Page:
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My 12 for ’12: Jeff Who Lives at Home & Living in Hope

I’m counting down my top twelve films of the year between now and January, starting at #12 and heading to #1. I expect the list to be a little bit predictable, a little bit surprising, a little bit of everything. All films released in the UK and Ireland in 2012 qualify. Sound off below, and let me know if I’m on the money, or if I’m completely off the radar. And let me know your own picks or recommendations.

This is #9

The eponymous Jeff, from Jeff Who Lives at Home, feels like something of a cousin to the Judd Atapow “manchild” that we’ve seen popularised in films like Knocked Up of The 40 Year Old Virgin. He’s unreliable, lazy and smokes a not inconsiderable amount of pot. His mother can’t even count on him to fix a shutter door on her birthday, although he is quick to offer seemingly vacuous philosophical insights garnered from Star Wars and Signs. His brother Pat is hardly a run-away success, trapped in a failing marriage and prone to sit around Hooters all day, but at least he has thrived when compared to Jeff. Jeff is, by all accounts, a fool whose own naivety leads him to get beaten and mugged within the first half-hour of the film.

However, at the heart of Jeff Who Lives at Home, is a surprisingly romantic idea. There’s the notion that the universe is somehow a far more compassionate and understanding place than we might suspect. Jeff’s logic and reasoning might be far from convincing, and it’s easy to be cynical. However, Jay and Mark Duplass craft a story that suggests sometimes things work out just right.

jeffwholivesathome3

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Non-Review Review: Stupid Crazy Love

Stupid Crazy Love suffers a bit from being a tad inconsistent, fluctuating between compelling character drama and well-observed romantic comedy. It isn’t an issue that movie fails at either of these, it just runs into a bit of bother bouncing between the two extremes. The ending might be a little trite, and a tad conventional, but the movie manages to raise some interesting ideas along the way. Still, it allows Steve Carell his best big screen appearance since The 40-Year-Old Virgin and makes for an alternatingly side-splittingly and heart-breakingly affecting movie.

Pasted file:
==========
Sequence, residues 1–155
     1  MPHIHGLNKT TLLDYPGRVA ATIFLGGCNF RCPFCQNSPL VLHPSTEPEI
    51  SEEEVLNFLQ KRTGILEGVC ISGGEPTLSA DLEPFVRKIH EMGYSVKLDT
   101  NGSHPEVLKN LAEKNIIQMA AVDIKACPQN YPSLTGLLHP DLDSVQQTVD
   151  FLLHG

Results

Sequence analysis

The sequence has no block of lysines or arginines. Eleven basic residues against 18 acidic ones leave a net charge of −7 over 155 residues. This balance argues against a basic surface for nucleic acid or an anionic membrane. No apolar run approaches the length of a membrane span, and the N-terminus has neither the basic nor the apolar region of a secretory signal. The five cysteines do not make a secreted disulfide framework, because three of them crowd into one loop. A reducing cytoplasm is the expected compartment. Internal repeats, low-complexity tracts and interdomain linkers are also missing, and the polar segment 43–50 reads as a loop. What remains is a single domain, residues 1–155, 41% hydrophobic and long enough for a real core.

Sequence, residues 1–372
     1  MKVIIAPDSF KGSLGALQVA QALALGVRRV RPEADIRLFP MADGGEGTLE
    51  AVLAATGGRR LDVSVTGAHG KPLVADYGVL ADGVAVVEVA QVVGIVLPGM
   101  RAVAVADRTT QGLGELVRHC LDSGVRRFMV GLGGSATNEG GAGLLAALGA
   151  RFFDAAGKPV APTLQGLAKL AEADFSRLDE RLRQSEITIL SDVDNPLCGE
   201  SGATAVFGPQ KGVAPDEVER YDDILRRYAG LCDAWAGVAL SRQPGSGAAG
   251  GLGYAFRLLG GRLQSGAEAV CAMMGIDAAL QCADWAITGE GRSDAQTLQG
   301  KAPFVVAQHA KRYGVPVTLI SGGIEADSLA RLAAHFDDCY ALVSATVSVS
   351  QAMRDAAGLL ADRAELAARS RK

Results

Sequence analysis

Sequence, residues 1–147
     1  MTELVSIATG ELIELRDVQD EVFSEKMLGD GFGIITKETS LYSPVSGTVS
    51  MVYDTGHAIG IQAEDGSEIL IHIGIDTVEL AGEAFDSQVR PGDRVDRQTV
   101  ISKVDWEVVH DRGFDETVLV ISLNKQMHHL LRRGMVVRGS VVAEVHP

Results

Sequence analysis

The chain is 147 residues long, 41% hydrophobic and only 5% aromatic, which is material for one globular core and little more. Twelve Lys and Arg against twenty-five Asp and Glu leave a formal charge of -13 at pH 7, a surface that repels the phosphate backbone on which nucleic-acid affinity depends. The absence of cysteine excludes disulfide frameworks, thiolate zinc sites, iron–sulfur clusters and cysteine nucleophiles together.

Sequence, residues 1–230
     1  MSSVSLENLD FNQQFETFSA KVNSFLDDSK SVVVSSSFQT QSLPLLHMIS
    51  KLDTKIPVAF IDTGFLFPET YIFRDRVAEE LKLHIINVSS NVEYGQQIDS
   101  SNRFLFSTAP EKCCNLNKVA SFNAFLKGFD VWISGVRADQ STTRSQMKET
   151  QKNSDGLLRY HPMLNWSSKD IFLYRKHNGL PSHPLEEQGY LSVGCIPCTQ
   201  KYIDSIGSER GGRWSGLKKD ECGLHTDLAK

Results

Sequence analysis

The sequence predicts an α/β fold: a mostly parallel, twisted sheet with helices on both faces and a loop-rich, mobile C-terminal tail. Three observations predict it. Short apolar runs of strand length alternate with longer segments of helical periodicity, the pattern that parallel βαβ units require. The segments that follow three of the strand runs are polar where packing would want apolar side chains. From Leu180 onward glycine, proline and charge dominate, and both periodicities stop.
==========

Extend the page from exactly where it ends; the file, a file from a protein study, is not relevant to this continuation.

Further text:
Saving Ryan's Privates...

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Non-Review Review: Old School

It’s tempting to look back at Old School in the wake of the massive success of The Hangover and claim “I saw Todd Phillips’ potential first!” After all, massive critical, commercial and audience hits don’t come out of nowhere, and the early work of a given director should probably give some indication of their hidden talent. However, I don’t really see too much of The Hangover in Old School, a film that I like, even if I don’t love it. There are a few similarities in content and structure, but I still can’t see anything in the film that would have led to me to “keep an eye” on Phillips. It’s a solid fratboy comedy, but it’s not anywhere near a classic.

Ferrell was on a hot streak when this came out...

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We Made a F%$&ing Movie! MacGruber and Unsympathetic Comedic Leads…

The film is a slapstick comedy with a hero who is a nice guy. I thought that wasn’t allowed anymore. He’s a single dad, bringing up his daughter with the help of his mom. He takes his job seriously. He may be chubby, but he’s brave and optimistic.

Roger Ebert on Paul Blart: Mall Cop

I watched MacGruber over the weekend. It was okay – it wasn’t fantastic, and it wasn’t one of the best examples of anything, but if you wanted a shedload of juvenile humour, well… it was right up your street. However, watching the film did get me thinking about just how much of a jerk the title character was. How much of a horrible person can a comedy protagonist be? When did it become the norm for these sorts of characters to be presented with completely irredeemable traits?

Sometimes it's an up-hill struggle to empathise with a protagonist...

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